A story of salvation and redemption…
The 30-year owner of a construction company, Mike Palombi has been building foundations—both for houses and for young lives. In 2008, Mike was able to accomplish what even the law said he’d never be able to accomplish; he received a Standard Certification for Teacher of Carpentry allowing him to teach in any school in the State of New Jersey. Since his release from prison, Mike has used his trade skills and experience of overcoming the entanglements of addiction and incarceration to teach at-risk youth the importance of building foundations for life.
In January 2014 Mike released his award-winning memoir, How’s It Feel, Tough Guy? From Prisoner of Pride to Prisoner of Hope. His memoir, received 1st Place recognition in The Christian Writers Awards, in the category of Counseling/Recovery and is currently in over one hundred prisons and county jails nationwide. Together with his wife Heidi, they use the book as a vehicle to bring a message of hope to those most others deem to be hopeless.
Most recently, Mike became enrolled in the Brooklyn Teen Challenge School of Ministry and is pursuing his ministerial credential to help position himself to have access to the prison populations he desires most to minister to. Mike regularly speaks at men’s groups, churches, recovery events, drug treatment facilities and jails. He and Heidi are active members of Life Chapel and reside at the Jersey Shore.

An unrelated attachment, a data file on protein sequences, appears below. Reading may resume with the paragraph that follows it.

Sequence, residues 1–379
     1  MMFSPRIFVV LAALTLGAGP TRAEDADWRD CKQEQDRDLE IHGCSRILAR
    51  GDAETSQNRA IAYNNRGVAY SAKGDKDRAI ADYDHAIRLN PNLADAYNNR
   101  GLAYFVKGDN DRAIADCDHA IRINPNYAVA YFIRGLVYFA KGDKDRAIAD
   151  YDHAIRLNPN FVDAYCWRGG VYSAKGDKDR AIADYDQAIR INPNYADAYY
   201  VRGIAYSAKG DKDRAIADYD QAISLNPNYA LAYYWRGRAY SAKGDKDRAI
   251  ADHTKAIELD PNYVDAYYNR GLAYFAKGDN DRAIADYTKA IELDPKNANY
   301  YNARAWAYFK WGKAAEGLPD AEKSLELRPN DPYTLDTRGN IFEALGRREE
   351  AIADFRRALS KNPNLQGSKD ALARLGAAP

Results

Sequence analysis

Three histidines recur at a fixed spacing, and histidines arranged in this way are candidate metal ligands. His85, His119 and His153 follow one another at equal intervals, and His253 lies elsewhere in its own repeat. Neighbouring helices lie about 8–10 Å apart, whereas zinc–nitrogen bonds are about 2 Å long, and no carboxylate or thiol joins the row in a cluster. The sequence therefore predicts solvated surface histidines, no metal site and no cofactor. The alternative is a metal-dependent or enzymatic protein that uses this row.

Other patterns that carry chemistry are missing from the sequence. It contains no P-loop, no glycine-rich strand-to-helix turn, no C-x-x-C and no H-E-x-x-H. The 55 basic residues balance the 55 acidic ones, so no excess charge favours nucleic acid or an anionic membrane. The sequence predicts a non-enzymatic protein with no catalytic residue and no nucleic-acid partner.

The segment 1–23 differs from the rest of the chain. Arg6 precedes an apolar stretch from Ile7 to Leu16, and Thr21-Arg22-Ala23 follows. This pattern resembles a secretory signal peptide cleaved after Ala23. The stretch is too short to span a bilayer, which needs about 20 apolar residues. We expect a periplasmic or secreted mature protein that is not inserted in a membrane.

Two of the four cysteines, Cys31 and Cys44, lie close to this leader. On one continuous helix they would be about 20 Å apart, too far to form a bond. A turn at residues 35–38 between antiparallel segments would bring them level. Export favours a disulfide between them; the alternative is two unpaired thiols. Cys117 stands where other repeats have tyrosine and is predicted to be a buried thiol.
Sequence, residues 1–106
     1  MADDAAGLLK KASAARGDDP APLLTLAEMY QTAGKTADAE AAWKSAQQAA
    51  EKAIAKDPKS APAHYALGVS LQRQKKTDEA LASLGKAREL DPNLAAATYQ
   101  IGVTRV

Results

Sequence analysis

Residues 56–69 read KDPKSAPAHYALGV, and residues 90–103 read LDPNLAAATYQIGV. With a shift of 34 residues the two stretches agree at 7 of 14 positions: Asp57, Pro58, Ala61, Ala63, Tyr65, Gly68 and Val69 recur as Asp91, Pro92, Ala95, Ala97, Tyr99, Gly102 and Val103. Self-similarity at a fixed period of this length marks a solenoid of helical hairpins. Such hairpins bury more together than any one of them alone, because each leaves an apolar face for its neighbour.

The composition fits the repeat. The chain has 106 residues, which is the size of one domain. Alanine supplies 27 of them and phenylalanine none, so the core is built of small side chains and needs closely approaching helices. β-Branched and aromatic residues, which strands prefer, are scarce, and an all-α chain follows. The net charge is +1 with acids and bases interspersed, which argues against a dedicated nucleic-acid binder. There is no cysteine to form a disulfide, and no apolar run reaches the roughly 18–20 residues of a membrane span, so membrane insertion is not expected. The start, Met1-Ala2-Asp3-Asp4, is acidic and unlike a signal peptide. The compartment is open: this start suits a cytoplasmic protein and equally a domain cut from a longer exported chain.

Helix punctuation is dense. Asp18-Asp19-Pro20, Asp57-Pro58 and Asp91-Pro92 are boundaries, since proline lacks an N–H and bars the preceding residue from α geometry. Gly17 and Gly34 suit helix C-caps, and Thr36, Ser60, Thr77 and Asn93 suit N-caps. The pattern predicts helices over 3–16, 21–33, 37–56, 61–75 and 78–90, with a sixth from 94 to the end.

From the author…
“You should write a book, Mike!”
For years, people who heard my story of redemption and restoration–earned through decades of getting smacked upside my head, both literally and figuratively–told me that they wanted to see my story in print. But all I’d ever done about writing a book is stand in defense against why I couldn’t write one. To me, writing a book was just another opportunity to fail. And I’d failed enough in my life, thank you very much.
What was keeping me from giving my testimony in a book? Let’s just say that the greatest enemy of accomplishment is the fear of failure. But I finally set aside that fear, took a leap of faith, and put my story on paper.
The task of writing this memoir required me to live in what I call, “The Uncomfortable Zone,” the place where transparency and vulnerability prevail–the place where being a tough guy doesn’t cut it. I had to take a hard look into the dark corners of my life that was so thorough and so deep, it hurt–bad–and then it healed and restored my life.
In the end, that leap of faith made me an author, so that now I can share my story with people all around the world.